Dr Avnish Agarwal, another awardee of the Shanti Swarup Bhatnagar winner, said that the applied research is a largely-unrespected field in India, which is obsessed with fundamental research.
"We need to improve our research ecosystem...There is a lack of focus on quality research in Indian academia," he told ToI. "If teachers do not do high-quality research, they will not be updated with new developments."
Dr Alok Mittal and Dr Jyoti Mittal, researchers in environmental science, water treatment, green chemistry and chemical kinetics at the Maulana Azad National Institute of Technology in Bhopal.
Dr Rajnish Kumar, a researcher and professor at IIT Madras's Department of Chemical Engineering, he was chosen as one of 2017's most Influential Researchers by Industrial & Engineering Chemistry Research (I&EC Research). He is also the winner of the prestigious NASI-SCOPUS Young Scientist Award in Chemistry.
Dr Sanjeeb Sahoo is a researcher in nanotechnology at the Institute of Life Sciences, Bhubaneswar. He has close to 20 years of experience in the field, studying cancer drug delivery. Dr Sahoo has authored over 99 manuscripts, 8,964 citations, 5 patents and has edited a book on "Nanotechnology in Health care."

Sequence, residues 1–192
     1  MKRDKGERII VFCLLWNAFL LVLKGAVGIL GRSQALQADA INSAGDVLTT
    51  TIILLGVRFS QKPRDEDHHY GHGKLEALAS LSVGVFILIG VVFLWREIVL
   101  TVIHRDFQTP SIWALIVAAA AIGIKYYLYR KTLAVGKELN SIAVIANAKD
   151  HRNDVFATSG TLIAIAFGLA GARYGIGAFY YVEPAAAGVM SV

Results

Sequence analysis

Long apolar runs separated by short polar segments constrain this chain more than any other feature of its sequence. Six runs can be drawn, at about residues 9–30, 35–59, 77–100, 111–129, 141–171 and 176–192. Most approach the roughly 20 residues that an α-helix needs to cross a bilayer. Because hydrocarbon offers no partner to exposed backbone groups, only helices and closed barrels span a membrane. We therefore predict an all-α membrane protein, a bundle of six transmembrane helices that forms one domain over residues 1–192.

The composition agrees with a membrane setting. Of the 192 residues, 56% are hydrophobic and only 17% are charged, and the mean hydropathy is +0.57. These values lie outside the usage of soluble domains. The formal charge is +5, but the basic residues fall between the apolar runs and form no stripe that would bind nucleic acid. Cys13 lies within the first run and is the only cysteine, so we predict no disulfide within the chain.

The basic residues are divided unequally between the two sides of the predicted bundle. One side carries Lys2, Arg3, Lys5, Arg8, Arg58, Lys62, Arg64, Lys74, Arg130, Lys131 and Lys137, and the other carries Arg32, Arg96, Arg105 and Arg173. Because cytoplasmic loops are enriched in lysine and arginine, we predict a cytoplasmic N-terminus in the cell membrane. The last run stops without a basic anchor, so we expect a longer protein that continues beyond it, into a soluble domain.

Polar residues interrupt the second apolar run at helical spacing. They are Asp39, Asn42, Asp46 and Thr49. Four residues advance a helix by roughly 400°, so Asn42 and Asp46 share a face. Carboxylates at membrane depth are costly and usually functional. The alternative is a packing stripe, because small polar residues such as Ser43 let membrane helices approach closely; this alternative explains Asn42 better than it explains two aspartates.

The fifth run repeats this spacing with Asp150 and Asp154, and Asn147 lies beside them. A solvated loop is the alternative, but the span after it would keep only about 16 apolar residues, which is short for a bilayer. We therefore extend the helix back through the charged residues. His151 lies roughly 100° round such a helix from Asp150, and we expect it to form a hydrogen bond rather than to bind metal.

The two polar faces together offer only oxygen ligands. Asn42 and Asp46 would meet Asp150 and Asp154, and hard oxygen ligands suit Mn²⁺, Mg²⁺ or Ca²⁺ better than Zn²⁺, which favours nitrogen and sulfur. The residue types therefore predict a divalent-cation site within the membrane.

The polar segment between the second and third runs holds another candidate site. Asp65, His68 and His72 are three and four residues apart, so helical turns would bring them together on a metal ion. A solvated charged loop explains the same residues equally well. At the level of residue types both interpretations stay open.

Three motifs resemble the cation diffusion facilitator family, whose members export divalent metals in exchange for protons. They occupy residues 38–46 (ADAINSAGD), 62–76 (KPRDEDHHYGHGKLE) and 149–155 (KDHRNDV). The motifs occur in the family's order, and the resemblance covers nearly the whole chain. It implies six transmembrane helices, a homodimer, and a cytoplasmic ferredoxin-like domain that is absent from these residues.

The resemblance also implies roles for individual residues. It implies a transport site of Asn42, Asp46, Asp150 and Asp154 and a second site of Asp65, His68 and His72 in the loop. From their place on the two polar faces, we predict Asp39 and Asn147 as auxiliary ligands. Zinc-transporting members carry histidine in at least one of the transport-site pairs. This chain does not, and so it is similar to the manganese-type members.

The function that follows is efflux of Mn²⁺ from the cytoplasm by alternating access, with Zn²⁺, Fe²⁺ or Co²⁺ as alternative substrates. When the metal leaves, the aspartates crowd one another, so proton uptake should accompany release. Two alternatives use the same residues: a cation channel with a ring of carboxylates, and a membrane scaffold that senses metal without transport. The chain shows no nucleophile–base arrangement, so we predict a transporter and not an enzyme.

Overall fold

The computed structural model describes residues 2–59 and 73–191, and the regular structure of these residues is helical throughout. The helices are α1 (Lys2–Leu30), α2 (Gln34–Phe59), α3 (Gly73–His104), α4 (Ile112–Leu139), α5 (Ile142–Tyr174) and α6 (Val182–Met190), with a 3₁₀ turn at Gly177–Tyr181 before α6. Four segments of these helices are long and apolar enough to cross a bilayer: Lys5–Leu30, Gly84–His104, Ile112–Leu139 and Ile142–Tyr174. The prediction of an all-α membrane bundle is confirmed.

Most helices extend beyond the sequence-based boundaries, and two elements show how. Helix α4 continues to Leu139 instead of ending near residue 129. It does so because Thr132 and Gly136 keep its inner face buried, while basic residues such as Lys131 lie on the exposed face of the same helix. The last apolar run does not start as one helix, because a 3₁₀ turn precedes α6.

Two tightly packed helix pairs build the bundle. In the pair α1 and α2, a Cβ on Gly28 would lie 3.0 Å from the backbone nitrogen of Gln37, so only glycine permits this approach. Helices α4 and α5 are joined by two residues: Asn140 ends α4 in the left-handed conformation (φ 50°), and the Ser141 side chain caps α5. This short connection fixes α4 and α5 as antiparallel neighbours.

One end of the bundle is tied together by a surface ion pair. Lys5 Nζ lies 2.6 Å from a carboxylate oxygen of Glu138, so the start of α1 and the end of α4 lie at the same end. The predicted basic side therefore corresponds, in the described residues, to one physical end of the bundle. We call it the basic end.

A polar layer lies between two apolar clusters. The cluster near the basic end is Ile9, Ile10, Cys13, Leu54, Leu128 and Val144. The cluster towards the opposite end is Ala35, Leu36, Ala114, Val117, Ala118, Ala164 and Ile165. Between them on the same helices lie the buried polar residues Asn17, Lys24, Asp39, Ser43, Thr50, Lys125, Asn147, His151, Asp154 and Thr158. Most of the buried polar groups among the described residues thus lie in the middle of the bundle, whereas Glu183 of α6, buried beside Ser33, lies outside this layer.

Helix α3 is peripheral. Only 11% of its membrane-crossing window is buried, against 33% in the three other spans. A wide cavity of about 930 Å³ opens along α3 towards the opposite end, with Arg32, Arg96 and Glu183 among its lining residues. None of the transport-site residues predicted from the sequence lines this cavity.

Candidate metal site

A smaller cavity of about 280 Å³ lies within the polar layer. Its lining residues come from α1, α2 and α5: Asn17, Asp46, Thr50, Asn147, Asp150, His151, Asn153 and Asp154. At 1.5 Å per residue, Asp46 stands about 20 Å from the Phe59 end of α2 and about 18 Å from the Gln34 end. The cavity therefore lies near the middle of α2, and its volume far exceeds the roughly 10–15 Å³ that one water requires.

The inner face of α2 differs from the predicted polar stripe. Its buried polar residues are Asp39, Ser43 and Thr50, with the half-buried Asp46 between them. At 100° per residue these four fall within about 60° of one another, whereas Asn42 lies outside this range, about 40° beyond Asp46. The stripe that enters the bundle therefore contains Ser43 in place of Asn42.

Dr Sakthivel Rathinaswamy, a professor from Bharathiar University in Coimbatore, is also among the listed 4000 researchers from India. A researcher in Applied and Computational Mathematics, he has over 6,667 citations and several collaborations for research papers in international projects.
While the list gathers information about researchers from over 60 different countries, over 8o percent of the 4000 listed names come from just 10 countries, and 70 percent from just 5.
United States has the highest representation on the list with 2639 names, with the second largest influence is the United Kingdom with just 546 names. China is third in line with 482, while India is nowhere in the top 10, with all of 10 researchers to contribute.
Harvard University was the institute with the most number of influential researchers (186) .
"There is no unique or universally-agreed concept of what constitutes extraordinary research performance and elite status in the sciences and social sciences," reads the Clarivate website. "Absence of a name on our list cannot be interpreted as inferior performance or stature in comparison to those selected."
Well, that's a comfort. There's always room for more researchers from India next year.
"This year, they have included an additional category of 'cross-field' which took the number to 10," Mohan said.
About 15 years ago, China and India were at the same level, but China today contributes to 15-16 percent of the science output in the world, while we currently on contribute 4 percent, CNR Rao said.
Many of the researchers also believe that socio-economic, cultural factors and brain drain have their role to play in such assessments. Another is industrial partnerships and investments, which are very limited in India compared to elsewhere in the world.